On 12 February 1952 a large all-welded oil-storage tank collapsed during hydrotest at the Esso Petroleum plant at Fawley in Hampshire. Hydrotesting had commenced on 30 January following completion of the tank, but was halted when a 0.6m long vertical crack appeared in the bottom two strakes. The tank was emptied and the crack repaired. When the hydrotest was recommenced on the 11 February, the air temperature was near freezing and the water temperature +4°C. The tank split when the water reached 90% of the tank height, a continuous vertical fracture running through the parent plate of every strake. The shell was torn from the tank bottom and collapsed on the surrounding band, leaving the roof lying on the base.
The cylindrical tank was 42m in diameter and 16m high. The bottom was conical with a 0.6m fall at the centre and roof was a detached fully floating pontoon. The tank shell consisted of nine strakes made from butt welded plates measuring 1.8m x 7.2m. The strakes were progressively thinner from bottom to top, being aligned to produce a flush internal surface. The bottom strake was 28mm thick and the top 6mm.
The construction of the tank was according to API Code 12C. The material used was a BS 13 steel with specified tensile strength in the range 430 to 510MPa, equivalent to ASTM A7 or A283 steel. Plate edge preparation for welding was carried out prior to rolling the plates to the required radius.
The shell welds were full penetration double or single V welds, depending on the plate thickness. No-preheating was used except to dry the plates or remove frost. Boat shaped samples were cut from the welds of the lower courses for inspection, leaving grooves that were repair welded. All boat samples, bar one, were satisfactory.
Causes of Failure
The 0.6m long crack which occurred during initial hydrotesting originated from a repaired boat-sample site. The brittle crack which caused the collapse of the tank also initiated at a repaired boat sample position in the circumferential weld between the lower two strakes. A very small cavity had been left at the bottom of the boat sample groove when it was repaired. This defect was found to be much smaller than others detected in the shell welds after the failure.
The weld quality was in fact quite variable although this had not been revealed by the inspection during fabrication. Tests on the plate material showed it to meet the specification. Its Charpy impact transition temperature, however, was in the approximate range 0°C to 15°C, hence the tank material did not have good toughness at the hydrotest temperature.
The existence of defects which were significantly longer than the one from which the fracture initiated perturbed the investigators. As no evidence of shock or impact loading which could have triggered the collapse was found, the investigation into the failure did not reach a conclusion regarding the cause of fracture initiation.
Approximately one month after the failure of the crude oil tank, a neighbouring gas oil tank failed during hydrotest. This tank split vertically but remained in one piece. The tank was 45.7m in diameter and 14.6m high built, like the crude oil tank, of BS 13 steel to API 12C. The water temperature was +4°C and the air temperature +9°C at the time of failure.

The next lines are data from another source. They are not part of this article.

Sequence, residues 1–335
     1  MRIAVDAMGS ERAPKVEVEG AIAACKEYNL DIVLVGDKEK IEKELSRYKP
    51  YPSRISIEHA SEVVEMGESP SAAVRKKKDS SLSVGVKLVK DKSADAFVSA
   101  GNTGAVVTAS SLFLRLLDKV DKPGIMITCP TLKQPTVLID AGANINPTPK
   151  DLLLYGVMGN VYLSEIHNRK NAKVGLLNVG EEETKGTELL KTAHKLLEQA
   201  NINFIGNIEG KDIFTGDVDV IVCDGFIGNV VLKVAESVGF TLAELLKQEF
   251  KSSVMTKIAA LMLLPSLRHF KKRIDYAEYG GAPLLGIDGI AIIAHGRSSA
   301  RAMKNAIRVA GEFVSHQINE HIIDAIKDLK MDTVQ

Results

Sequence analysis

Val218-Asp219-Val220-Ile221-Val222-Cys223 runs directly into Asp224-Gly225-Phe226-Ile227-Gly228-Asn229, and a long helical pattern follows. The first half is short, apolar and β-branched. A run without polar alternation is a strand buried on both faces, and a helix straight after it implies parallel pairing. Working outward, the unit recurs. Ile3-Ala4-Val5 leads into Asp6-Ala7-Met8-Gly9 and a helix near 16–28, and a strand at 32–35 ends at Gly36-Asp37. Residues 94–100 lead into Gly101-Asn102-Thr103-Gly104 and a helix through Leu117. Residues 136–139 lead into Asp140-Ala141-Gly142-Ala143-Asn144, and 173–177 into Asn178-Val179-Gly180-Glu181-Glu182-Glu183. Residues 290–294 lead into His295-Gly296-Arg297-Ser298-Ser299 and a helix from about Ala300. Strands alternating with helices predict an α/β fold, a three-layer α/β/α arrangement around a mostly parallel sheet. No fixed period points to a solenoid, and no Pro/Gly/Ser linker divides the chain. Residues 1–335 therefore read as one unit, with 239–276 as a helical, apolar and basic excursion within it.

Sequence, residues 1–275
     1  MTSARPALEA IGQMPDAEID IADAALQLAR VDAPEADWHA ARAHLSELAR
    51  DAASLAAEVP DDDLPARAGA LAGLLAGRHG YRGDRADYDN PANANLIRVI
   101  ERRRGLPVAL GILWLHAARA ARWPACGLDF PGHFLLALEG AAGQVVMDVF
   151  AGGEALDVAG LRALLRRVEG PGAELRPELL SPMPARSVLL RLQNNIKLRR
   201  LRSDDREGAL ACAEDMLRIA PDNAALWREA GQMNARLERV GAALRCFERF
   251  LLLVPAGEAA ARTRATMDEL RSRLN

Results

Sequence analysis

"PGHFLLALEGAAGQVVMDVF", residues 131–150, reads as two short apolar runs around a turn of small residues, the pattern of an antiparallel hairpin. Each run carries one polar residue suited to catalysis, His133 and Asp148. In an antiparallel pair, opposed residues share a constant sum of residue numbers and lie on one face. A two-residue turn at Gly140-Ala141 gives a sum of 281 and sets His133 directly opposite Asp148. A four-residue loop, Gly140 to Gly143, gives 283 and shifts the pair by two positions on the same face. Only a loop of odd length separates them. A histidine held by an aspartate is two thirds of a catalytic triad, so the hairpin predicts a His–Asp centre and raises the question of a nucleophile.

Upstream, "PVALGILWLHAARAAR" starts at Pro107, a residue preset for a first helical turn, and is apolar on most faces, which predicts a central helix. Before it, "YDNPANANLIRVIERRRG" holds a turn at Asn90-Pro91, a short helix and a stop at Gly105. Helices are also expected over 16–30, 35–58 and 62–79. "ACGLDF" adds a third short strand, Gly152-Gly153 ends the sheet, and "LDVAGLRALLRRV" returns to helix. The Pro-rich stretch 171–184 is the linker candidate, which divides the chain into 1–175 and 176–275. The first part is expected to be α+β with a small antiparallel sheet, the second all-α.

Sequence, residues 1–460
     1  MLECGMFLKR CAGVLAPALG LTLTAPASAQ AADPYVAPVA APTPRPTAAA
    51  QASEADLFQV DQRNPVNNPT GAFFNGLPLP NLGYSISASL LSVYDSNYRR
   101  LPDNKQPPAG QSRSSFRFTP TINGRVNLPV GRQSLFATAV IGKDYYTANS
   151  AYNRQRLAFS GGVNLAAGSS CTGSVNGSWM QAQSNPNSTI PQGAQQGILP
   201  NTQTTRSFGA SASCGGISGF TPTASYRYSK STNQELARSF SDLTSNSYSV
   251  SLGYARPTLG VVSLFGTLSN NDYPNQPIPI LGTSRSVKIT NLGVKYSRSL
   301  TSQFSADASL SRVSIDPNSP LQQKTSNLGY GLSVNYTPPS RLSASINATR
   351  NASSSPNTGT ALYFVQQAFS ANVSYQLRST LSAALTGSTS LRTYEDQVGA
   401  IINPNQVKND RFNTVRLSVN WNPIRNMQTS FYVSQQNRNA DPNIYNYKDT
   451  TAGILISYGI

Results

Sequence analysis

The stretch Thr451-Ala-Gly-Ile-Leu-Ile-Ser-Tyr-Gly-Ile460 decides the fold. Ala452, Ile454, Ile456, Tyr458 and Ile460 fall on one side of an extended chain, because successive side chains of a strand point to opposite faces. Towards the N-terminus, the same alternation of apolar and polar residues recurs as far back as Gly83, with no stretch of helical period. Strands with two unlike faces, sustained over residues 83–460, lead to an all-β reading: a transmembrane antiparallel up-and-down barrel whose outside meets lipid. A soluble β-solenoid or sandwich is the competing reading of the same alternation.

Examination of the fracture faces revealed that the failure initiated at a partially repaired crack in a vertical weld in the bottom shell course. The surfaces of the crack were blackened indicating that the crack had gone through a heating cycle due to a nearby welding operation.
Subsequent studies indicated that the probable cause of failure was the presence of very low toughness material in the region of the initiating defects. These regions of low toughness would have resulted from dynamic strain-ageing embrittlement at the tip of the flaws during repair welding (or subsequent heat cycling). This type of strain ageing embrittlement, which is intensified at crack tips, is a potential problem associated with repair welds, particularly in coarse grained non-aluminium treated steels.
These failures raised concern over the weld inspection method specified in the API Code which relied on taking boat samples from the welds. In the case of the crude oil tank, the failure initiated from a poorly repaired boat sample site and in the case of the gas oil tank a significant defect was missed by the inspection method. These concerns led towards the use of radiography for weld inspection in storage tanks. The failures also highlighted the importance of material toughness for storage tanks, and the introduction of the use of materials with minimum Charpy V properties greatly improved the safety of these structures.
This is a case history taken from Report 632/1998 . For further case histories, Industrial Members may consult the full report.
Professional & WJS members and non-members of TWI can obtain further case histories by reading the following article:-
Six case histories of pressure vessel failures
Engineering Failure Analysis, vol 3, no 3. 1996. pp.157-170.